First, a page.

In Hawaii The Department of Defense will start to cover its Military Family Housing with Solar Energy. This will greatly help stop the need for Oil in the Hawaii Islands. This is just the start to the D.O.D. reducing its 4 billion dollar need for Dirty Energy. From now on the D.O.D. will look to Renewable Energy, Clean Energy. The Hawaiian Islands will see the Largest Solar covered homes and housing Roofs in the World 6,000 units. Thanks to William Lynn Deputy Secretary of the Defense and Steven Chu Secretary of Energy and to many others. The D.O.D. has some 300,000 building the day will come when all will be powered by Clean Energy. i can not thank all that made this happen enough.
    GOD Bless
    United We Stand In GOD We Will Always Trust
    Story By
    The Lord’s Little Helper
    Paul Felix Schott

  4. Paul Felix Schott says:

    Sam many of the farms that i fly over in the United States do just that they have their roofs covered with solar and the fields full of Wind Turbines. The United States of America is second in the World in Wind Power only to China. At one time we were first. Just off of State Route 62 in the San Jacinto Mountains is a Large Wind Farm in California. If you do not have a aircraft you would have to hike quite a way to see it. Flying over the State of Minnesota there are 100s of them and if you drive I-90 across the state you will see them everywhere. King Mt. in Texas and the western part of the State there are 2,000 wind turbines.
    The Growth of Renewable Energy in the USA is at more then 45% for more then eight years in a row. Solar and wind Farms are growing all over the Planet. Very soon most homes on Earth will have Solar Panels on them as the cost of them drop more. Making Solar Energy the People’s Choice of Clean Energy, and that they can not be taxed for Free Energy From the SUN. In the Pacific Ocean Islands many do have hybrid systems of Wind and Solar.
    Solar Energy and Solar Farms are growing at a faster pace then all other forms of Energy on Earth.
    South Dakota is a little slow to coming on board to Renewable Energy i do think Lord willing that will change very soon.

    May GOD Bless All that add to the good of Solar and Wind Energy.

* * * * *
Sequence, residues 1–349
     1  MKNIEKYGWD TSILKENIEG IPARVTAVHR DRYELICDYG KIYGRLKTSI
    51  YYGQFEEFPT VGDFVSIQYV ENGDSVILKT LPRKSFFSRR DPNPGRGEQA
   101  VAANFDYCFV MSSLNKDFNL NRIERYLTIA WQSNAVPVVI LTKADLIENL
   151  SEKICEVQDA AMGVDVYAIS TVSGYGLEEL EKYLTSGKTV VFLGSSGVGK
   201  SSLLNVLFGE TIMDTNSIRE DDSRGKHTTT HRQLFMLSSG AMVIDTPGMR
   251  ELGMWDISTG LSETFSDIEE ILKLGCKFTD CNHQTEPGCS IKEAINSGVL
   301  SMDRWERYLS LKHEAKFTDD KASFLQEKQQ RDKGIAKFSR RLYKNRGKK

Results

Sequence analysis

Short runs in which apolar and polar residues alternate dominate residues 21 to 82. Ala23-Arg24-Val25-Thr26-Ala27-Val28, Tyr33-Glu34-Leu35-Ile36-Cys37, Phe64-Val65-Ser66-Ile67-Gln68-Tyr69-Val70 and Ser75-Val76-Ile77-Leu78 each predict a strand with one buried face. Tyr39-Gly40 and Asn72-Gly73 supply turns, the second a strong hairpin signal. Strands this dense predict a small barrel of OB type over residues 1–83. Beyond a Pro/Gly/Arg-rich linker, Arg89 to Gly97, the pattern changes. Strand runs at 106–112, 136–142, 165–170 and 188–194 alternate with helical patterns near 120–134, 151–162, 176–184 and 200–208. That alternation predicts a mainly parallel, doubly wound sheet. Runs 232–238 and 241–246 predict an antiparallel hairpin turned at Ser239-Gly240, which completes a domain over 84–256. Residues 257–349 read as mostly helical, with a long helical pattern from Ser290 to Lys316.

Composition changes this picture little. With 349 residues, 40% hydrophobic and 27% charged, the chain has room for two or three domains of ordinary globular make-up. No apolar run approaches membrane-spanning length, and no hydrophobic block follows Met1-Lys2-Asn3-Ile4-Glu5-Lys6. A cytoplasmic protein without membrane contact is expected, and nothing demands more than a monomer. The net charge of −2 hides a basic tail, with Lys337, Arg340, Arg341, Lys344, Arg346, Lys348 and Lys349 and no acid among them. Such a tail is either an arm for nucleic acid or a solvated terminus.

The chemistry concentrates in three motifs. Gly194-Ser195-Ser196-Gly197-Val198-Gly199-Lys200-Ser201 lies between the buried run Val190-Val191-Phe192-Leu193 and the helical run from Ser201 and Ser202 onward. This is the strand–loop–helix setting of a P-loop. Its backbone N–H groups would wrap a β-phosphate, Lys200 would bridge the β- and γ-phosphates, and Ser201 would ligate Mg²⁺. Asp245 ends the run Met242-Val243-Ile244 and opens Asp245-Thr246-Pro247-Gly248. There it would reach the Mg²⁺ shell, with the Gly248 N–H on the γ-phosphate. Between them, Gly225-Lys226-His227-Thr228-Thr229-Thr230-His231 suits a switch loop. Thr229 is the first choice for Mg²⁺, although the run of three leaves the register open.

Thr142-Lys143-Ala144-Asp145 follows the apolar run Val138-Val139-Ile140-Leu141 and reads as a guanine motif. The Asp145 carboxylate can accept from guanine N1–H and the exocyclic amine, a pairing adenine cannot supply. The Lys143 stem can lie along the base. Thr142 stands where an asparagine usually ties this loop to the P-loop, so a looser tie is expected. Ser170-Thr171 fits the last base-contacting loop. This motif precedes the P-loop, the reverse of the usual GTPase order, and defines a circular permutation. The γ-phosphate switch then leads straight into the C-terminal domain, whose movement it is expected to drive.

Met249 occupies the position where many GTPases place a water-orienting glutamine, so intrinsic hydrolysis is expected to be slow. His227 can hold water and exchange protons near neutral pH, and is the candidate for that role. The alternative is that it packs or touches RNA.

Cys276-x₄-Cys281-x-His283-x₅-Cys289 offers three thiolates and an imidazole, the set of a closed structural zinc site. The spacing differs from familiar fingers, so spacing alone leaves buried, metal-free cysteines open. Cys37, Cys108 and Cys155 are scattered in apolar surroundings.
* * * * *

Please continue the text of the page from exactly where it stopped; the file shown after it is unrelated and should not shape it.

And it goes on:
The Lord’s Little Helper
    Paul Felix Schott
    solardowork@yahoo.com

  5. Sam says:

    Solar Energy is a great source of energy and can really work well with a hybrid system that includes wind. To Ron, I have been working on and around wind turbines for two years now and have yet to see a dead bird lying anywhere.

  6. Paul Felix Schott says:

    Ryan,
    Solar Energy is the fastest growing Industry in the World and has more then Doubled last year alone. Home owners World Wide are covering there roofs. Solar Energy is not just for Industry or large Corporate Businesses and as you say the rich and extravagant.

    Cities and Governments all over Earth are covering there building carports at train stations and work places. The rate of return for Solar Panels is good you do not lose 40% and the Industry Leading Warranty is at 25 Years. Most spend more then that on cars in that time.

    Solar Energy is Environmentally Friendly and Very Efficient. Soon Electric Vehicles will outnumber those that need oil to drive down a highway or road. Electric cars and Vehicles will be Recharging from Solar, Wind and Renewable Energy. Happy to say in a very short time the need for black gold OIL will come to a end for most.

    Our Homes will get Energy from the Sun and wind and charge Batteries or to be used to split ground water into Hydrogen and Oxygen gases. Then put into tanks in the carport or yard and a Hydrogen Generator will produce energy similar to a gas, oil or diesel generator when needed. Like at Night or when there is no wind or sunlight.

    The United States, Germany and China all have for years worked on a Hydrogen Electric Vehicles. Knowing Solar Energy will make them affordable. i have driven them all.

    Eloise,
    Leaving a place that seams like paradise Hawaii would be a better place to get more out of a Solar Energy Systems. You are closer to the sun in Hawaii, i have a home there and it will soon run totally on Solar Energy. The Roof pitch used to identify the slope or steepness by roofing contractors, architects and other building professionals and the way the roof faces North, South, East or West is going to be the two biggest factors to the output of a Solar Energy Systems. The Slop or Pitch will Determine the snow part. The rest if you call or e mail one of the many Solar Energy Business in the United States i am sure they will be more then happy to help or work with you. Or go to one of the Government sites or Centers like…

    Information on the Renewable Energy and energy efficiency research, education, training, and certification activities at the Florida Solar Energy Center, FSEC.

    My Good Noble friend Bill Young is the Senior Research Engineer for Photovoltaics at FSEC and in my eyes one of the best Solar Energy Scientist in the World truly a blessing to have worked for years with Mr. William Young the Goodwill Ambassador for Solar Energy.

    The Lord’s Little Helper
    Paul Felix Schott
    solardowork@yahoo.com

  7. Eloise says: